In addition, M3 Wealth specializes in providing strategies and guidance for those who are seeking a better lifestyle in retirement. If you have retirement savings of five million dollars or $50,000, we can ensure it works as hard. As a result, we offer our experience and knowledge to help you design a custom strategy for financial independence. Contact us today to schedule an introductory meeting!

College Planning As Part Of Your Financial Plan

While there’s no obligation to pay for your child’s or grandchild’s college education. Helping them fund some or all of it can allow them to avoid overwhelming amounts of student loan debt. It can also help them to begin adulthood on the right foot.

Here are some tips if you’re interested in incorporating college planning into your financial plan:

1. Start Early.

Ideally, you’d start saving for your child’s college when they’re born. Before you start a college fund for a baby, sit down and figure out how much money you’ll need to save. Historical data shows that the cost of a college education usually triples over the 17 to 18-year period from birth to college enrollment. Therefore, you’ll want to do some research and find out the average cost of an in-state college and out-of-state college the year your baby is born. Then, take these numbers and multiply them by 3. The figures you come up with will give you a rough estimate of how much college may cost when your child is ready to attend. Remember, you don’t have to cover the entire cost of their education. Even paying for a quarter of it can do wonders for their future.

2. Open A 529 College Savings Account.

529 plans are state-sponsored, tax-advantaged savings accounts designed to help families save for educational expenses. There are two types of 529 plans: prepaid tuition plans, which allow you to buy credit for future tuition at today’s prices, and education savings plans which involve investing money to grow over time. The 529 contributions are invested and grow tax-free until they are needed to cover the beneficiary’s educational expenses.

3. Utilize UGMAs And UTMAs.

The UGMA (Uniform Gifts to Minors Act) and UTMA (Uniform Transfers to Minors Act) are custodial accounts created to hold and protect money for minors until they turn the legal age in their state. While they allow stock, bond, and mutual fund investments, they don’t permit higher-risk investments like stocks. Since there are no limits, you can invest as much money as you’d like with these accounts, and be allocated toward anything, not just college expenses. Remember that if you go this route, however, your earnings will be taxed once they exceed $2,100.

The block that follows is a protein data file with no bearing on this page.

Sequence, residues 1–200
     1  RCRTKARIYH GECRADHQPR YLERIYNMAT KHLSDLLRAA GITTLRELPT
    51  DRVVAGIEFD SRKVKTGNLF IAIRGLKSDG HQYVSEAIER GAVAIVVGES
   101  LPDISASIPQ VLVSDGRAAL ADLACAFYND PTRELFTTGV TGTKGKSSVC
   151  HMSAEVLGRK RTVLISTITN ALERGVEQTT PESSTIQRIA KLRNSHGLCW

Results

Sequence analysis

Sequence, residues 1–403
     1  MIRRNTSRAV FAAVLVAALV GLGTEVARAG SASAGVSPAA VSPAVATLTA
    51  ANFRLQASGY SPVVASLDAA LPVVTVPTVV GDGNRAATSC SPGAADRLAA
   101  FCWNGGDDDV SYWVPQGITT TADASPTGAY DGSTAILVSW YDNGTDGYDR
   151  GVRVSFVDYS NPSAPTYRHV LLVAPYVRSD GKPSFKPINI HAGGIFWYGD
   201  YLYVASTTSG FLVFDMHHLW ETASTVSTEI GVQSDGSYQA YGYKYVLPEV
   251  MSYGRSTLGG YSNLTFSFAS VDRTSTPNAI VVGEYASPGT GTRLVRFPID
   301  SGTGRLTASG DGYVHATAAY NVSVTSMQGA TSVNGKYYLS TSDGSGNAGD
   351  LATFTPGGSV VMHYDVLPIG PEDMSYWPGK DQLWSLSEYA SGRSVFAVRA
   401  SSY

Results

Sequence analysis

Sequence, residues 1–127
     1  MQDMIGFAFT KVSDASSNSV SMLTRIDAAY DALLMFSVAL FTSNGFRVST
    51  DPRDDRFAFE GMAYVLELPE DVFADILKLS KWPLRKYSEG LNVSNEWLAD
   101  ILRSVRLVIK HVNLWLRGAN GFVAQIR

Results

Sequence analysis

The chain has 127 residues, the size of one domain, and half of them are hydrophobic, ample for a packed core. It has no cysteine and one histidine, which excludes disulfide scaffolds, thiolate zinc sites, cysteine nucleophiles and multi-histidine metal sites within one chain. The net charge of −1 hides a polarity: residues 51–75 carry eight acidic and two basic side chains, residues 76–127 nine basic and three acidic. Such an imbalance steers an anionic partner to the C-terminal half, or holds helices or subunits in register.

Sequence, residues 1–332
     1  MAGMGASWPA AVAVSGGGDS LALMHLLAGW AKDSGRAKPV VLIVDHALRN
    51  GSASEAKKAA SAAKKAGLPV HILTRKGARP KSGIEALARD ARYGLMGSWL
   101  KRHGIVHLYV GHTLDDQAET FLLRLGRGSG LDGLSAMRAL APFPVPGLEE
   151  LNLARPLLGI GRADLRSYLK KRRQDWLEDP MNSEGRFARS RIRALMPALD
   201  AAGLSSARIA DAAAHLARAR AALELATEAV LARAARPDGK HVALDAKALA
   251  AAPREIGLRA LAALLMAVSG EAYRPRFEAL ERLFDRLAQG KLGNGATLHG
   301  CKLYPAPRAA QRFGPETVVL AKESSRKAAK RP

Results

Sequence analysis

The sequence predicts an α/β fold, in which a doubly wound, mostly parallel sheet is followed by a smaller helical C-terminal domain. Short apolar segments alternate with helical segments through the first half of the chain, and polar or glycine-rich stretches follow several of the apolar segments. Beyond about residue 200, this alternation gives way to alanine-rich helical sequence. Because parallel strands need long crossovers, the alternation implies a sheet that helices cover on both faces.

4. Open Brokerage Accounts Specifically For College Funding.

If you opt for a brokerage account, you’ll get to invest in anything, including stocks, mutual funds, bonds, currency, or futures, and be able to deposit and withdraw money at any time without penalty. However, the most notable disadvantage to brokerage accounts is that they don’t come with any tax advantages. You’ll be on the hook for paying taxes on any returns you earn. You may also have to make a minimum investment and pay management fees.

5. Use Life Insurance.

If you’re a parent or grandparent, life insurance can be used for funding part or all allowable education expenses without tax consequences, assuming interest applies to the cash value. If the child doesn’t use it for education funding, you give them the gift of life insurance for themselves or their beneficiaries.

6. Invest In Your Child’s Talents.

Whether your child plays sports, dances, or participates in the band or orchestra, investing in these extra-curricular activities can open the doors to financial aid while enriching their life. There are many scholarships, grants, and other opportunities for children with unique talents.

Consult Your Financial Professional

A financial professional can help you save for your child’s college through the strategies that make sense for your unique situation.  Contact us today to get started.

SWG2306340-0722c The sources used to prepare this material are believed to be true, accurate and reliable, but are not guaranteed. This information is provided as general information and is not intended to be specific financial or tax guidance. When you access a link you are leaving our website and assume total responsibility for your use of the website you are linking to. We make no representation as to the completeness or accuracy of information provided at this website. Nor is the company liable for any direct or indirect technical or system issues or any consequences arising out of your access to or your use of third-party technologies, websites, information and programs made available through this website.